Light Field Photography

This week I wanted to write about a new style of photography that I have recently started playing with, called Light Field photography.

A light field camera, also known as a plenoptic camera, captures information about the light field emanating from a scene; that is, the intensity of light in a scene, and also the direction that the light rays are traveling in space. This contrasts with a conventional camera, which records only light intensity. In this first image, the focus is on the little plaque on the table.

The first light field camera was proposed by Gabriel Lippman in 1908, and he called his concept “integral photography”. Lippmann’s experimental results included crude integral photographs made by using a plastic sheet embossed with a regular array of microlenses, or by partially embedding very small glass beads, closely packed in a random pattern, into the surface of the photographic emulsion.

In 2004, a team at Stanford University Computer Graphics Laboratory used a 16-megapixel camera with a 90,000-microlens array (meaning that each microlens covers about 175 pixels, and the final resolution is 90 kilopixels) to demonstrate that pictures can be refocused after they are taken.

Lytro Inc. was founded in 2006 by Res Ng, a graduate of Stanford University and inventor of the Lytro Light Field camera line. My second image here is the same shot as the image above but with the image re-focused on the Diet Coke can in the foreground.

Features of a light-field camera include:
1) Variable depth of field and “refocusing”: Lytro’s “Focus Spread” feature allows the depth of field (depth of focus) of a 2 dimensional representation of a Lytro image to be expanded after a picture has been taken. Instead of having to set the focus at a particular distance, “Focus Spread” allows more of an 2D image to be in focus. In some cases this may be the entire 2D image field. Users also are able to “refocus” 2D images at particular distances for artistic effects. The ILLUM allows the “refocus-able” and “Focus Spreadable” range to be selected using the optical focus and zoom rings on the lens. The ILLUM also features “focus bracketing” to extend the refocusable range by capturing 3 or 5 consecutive images at different depths.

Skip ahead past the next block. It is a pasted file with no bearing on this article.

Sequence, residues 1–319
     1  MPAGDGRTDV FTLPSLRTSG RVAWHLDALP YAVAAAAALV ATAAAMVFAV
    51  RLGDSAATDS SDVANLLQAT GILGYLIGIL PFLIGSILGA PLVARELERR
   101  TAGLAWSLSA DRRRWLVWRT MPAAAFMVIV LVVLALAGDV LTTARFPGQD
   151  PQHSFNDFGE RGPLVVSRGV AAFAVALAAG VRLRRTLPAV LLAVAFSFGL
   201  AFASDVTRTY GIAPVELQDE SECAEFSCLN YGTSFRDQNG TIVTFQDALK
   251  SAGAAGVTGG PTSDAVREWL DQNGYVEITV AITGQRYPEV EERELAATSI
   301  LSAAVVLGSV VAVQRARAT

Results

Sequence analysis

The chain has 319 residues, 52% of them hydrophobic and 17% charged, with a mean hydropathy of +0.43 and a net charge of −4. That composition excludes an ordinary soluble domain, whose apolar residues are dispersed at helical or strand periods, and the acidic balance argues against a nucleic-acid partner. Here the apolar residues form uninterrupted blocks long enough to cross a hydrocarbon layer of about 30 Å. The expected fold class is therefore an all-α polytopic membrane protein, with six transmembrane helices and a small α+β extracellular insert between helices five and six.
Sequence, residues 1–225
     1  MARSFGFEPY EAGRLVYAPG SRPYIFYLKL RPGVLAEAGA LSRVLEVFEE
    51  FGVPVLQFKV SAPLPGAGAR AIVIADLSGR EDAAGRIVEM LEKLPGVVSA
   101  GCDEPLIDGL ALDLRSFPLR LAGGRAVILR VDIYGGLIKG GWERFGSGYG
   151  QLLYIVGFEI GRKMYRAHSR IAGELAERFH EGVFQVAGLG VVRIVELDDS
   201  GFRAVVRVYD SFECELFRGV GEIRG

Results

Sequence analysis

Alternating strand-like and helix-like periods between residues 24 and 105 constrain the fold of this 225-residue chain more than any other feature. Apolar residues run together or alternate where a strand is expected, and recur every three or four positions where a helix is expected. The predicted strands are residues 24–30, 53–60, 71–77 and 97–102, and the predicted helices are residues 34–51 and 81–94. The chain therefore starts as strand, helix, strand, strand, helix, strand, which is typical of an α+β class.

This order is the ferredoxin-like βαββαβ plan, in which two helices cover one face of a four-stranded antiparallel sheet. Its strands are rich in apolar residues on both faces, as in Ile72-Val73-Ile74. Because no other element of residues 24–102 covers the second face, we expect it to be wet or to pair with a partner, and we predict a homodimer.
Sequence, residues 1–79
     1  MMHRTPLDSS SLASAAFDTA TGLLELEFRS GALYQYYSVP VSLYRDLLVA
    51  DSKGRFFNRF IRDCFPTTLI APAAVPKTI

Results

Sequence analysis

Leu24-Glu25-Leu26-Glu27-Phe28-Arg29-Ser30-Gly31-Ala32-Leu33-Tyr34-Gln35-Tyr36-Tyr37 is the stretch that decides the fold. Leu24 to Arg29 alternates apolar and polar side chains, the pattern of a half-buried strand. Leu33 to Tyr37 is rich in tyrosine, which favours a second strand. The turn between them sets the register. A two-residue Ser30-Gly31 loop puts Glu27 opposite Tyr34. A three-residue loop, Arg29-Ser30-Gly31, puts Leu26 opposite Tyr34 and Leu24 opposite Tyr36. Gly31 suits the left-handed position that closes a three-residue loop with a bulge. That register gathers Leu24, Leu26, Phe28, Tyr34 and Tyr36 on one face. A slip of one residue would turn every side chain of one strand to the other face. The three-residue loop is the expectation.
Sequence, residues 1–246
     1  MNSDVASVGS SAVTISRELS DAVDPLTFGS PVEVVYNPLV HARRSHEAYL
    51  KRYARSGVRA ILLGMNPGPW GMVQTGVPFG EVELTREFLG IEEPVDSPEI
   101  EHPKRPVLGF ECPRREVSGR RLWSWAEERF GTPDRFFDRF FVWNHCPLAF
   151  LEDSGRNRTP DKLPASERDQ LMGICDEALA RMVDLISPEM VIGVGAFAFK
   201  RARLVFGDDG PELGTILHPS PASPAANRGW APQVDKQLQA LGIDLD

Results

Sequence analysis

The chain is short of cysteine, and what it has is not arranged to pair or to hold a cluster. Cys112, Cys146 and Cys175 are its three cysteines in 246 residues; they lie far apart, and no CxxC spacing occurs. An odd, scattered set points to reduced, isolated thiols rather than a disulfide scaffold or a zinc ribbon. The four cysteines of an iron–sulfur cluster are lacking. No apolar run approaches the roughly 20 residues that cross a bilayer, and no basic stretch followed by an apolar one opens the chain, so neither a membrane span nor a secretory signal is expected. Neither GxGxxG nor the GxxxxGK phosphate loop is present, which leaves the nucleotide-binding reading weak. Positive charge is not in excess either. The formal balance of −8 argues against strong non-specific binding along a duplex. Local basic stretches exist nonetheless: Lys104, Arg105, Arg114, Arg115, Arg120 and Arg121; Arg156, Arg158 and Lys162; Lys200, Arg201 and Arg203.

2) Speed: Because there is less need to focus the lens before taking a picture, a light field camera can capture images more quickly than conventional point-and-shoot digital cameras. This is an advantage in sports photography, for example, where many pictures are lost because the cameras auto-focus system cannot be kept pointed precisely at a fast moving subject.

3) Low-light sensitivity: The ability to adjust focus in post-processing allows the use of larger apertures than are feasible on conventional cameras, thus enabling photography in low-light environments.

4) 3D images: Since a plenoptic camera records depth information, stereo images can be constructed in software from a single plenoptic image capture. This third image is an image from a wedding shot by a photographer using the Lytro camera. Notice how they were able to switch the focus between the bridge and groom.

I have recently started using a Lytro Illum camera myself and I like the camera a great deal. Is it perfect for every situation, probably not, but one of the nice aspects of the camera is if you are shooting sports, you can shoot faster with the Lytro Illum as you don’t have to worry about whether or not the AF can keep up. Since the images can be re-focused in the camera or Lytro’s Desktop processing software, you can just shoot away at a football game and then put the images in proper focus later. Some wedding photographers have begun to embrace the Lytro camera as they can take one shot of a bride and groom like this sample image and shift the focus from him to her in a single shot and then export both versions for print.

I have had my Lytro Illum for a few weeks now and I can say that the camera is certainly worth a try, I have captured some really fantastic images with it. Is the Lytro Illlum for everyone? Of course not, but if you have the extra $350 to spend and want to take your creativity to the next level, go ahead and give it a try!